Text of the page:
In this study, we identified a unique 3-amino-acid patch near the C terminus of histone H4, composed of L97, Y98, and G99, which when mutated led to a severe growth defect accompanied by polyploidy and aneuploidy. The precise structure of this patch must be important for function. Mutating Y98 to Ala led to a severe growth defect, while changing it to Phe did not. Gly 99 was clearly an important residue, because even a conservative change to Ala led to a significant growth defect, while mutating it to a larger residue, such as Leu or Asp, led to a more severe defect. Strikingly, mutating residues on either side of this 3-amino-acid patch did not lead to the same phenotypes, nor did mutating nearby nucleosomal residues on H2A or H2B (). Thus, we do not think that the phenotypes seen for these three H4 mutants are due to an altered nucleosome structure.
Yeast mutations of H4 Y98 have been the subject of previous studies. Santisteban et al. found that a Y98G mutation was lethal and that a Y98H allele grew poorly at 25°C and was temperature sensitive, while a Y98W mutant had no observable phenotype (26
). The lack of a phenotype seen for the Y98W mutant was similar to what we observed for a Y98F mutant (). In another study, a Y98A mutation was found to be lethal in one strain background and slow growing in another background (7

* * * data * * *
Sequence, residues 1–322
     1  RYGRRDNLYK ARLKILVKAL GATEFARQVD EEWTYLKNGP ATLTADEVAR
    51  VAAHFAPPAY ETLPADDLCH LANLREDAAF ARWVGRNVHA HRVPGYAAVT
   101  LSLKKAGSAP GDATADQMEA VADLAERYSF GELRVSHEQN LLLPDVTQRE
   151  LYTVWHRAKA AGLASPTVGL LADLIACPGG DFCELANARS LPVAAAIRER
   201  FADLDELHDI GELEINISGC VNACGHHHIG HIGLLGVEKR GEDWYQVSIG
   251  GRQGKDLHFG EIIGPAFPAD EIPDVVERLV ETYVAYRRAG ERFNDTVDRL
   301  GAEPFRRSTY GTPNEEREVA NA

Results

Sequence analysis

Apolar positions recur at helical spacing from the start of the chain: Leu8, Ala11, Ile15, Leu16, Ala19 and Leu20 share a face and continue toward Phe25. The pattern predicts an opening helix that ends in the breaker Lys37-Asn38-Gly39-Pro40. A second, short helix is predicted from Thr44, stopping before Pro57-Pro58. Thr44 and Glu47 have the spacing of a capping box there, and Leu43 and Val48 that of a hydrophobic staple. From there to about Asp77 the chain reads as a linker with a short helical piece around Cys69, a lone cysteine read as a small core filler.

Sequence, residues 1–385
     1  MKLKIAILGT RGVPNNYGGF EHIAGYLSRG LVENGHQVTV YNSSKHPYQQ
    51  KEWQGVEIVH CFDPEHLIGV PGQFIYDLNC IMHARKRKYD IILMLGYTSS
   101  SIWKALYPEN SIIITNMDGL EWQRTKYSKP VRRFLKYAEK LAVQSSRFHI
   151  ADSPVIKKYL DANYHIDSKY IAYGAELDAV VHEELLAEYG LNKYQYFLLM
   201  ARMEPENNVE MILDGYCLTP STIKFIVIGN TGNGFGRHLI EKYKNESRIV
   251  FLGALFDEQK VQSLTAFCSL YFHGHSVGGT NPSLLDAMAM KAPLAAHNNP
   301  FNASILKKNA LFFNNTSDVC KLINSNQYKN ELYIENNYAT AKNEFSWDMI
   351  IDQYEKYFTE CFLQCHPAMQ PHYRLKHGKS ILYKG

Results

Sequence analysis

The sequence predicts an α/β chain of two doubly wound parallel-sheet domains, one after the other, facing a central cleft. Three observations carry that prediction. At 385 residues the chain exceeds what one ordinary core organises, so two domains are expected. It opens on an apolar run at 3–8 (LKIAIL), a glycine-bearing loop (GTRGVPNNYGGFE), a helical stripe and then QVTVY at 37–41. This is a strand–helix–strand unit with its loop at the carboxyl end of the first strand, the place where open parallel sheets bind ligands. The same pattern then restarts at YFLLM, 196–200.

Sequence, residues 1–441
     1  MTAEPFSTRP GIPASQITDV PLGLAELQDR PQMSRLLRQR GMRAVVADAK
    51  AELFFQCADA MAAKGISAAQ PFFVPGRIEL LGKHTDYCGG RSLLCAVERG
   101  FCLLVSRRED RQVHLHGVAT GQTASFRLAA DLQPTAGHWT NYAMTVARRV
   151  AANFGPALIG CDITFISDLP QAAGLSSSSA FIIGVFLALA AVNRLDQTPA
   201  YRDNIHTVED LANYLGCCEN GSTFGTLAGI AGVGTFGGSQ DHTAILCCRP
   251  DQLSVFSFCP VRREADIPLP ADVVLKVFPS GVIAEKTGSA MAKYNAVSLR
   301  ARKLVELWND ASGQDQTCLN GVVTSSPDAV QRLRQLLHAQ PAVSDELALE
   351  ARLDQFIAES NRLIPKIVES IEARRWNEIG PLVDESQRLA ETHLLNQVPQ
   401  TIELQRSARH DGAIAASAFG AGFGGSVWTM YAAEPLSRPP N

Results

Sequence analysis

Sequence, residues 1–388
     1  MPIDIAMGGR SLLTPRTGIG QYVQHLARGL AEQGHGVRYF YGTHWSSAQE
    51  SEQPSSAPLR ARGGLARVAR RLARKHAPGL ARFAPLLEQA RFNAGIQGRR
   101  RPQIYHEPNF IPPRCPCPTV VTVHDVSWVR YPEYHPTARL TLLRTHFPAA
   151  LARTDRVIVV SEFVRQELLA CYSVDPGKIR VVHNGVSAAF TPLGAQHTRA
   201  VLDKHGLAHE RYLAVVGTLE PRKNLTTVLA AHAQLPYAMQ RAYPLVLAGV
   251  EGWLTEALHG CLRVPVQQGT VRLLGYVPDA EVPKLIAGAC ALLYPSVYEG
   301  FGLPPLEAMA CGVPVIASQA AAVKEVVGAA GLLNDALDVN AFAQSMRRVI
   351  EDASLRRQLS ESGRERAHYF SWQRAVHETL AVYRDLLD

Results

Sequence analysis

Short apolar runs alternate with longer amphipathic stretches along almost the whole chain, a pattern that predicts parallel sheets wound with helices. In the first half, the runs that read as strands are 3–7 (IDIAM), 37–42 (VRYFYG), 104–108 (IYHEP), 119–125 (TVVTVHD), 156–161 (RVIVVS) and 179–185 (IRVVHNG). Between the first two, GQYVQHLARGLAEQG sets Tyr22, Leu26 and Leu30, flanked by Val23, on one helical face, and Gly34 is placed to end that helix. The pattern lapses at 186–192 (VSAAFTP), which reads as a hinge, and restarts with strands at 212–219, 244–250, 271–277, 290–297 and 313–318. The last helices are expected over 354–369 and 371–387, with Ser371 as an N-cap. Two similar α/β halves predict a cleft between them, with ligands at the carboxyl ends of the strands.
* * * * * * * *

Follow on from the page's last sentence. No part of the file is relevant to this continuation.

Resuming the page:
). In human tumors and in cultured cells exposed to nitric oxide, Y98 is sometimes found to be modified by nitration, and this modification of tyrosine is considered a biomarker for nitric oxide-dependent oxidative stress (11
). It is intriguing to consider that the genome instability often associated with cancer cells may be partially due to this modification of H4 Y98.
Polyploidy and a chromosome segregation defect of the mutants.
A striking phenotype of the three H4 mutants was that the strains, initially haploid, showed a rapid increase in ploidy upon further growth, and this increase was closely linked to improved growth (). This observation was consistent with a previous report showing that polyploidy and aneuploidy are common genetic alterations in evolving poorly growing yeast mutants (24
). We found that the H4 mutants rapidly became diploid, and when examined carefully by microarray analysis, many isolates actually had more than two copies of one or more chromosomes. Interestingly, in every case of aneuploidy, cells had 2 or 3 extra copies of chromosome XI, suggesting that overexpression of one or more genes on chromosome XI led to improved growth of the mutants. There were several histone-related genes on chromosome XI, including CSE4
. Nap1 protein is a histone chaperone for H2A-H2B dimers (20
). However, overexpression of NAP1
from a 2μm plasmid had no effect on the growth of the H4 mutants (data not shown). Cse4 is the histone H3 variant present at centromeres (18
). Overexpression of CSE4
did improve the growth of the mutants, but the extent of improvement was much less than that observed for the evolved aneuploid strains (data not shown). Hence, other transcriptional changes associated with the extra copies of chromosome XI, probably in combination with the alterations on other chromosomes, are required to fully rescue the growth defect of the mutants.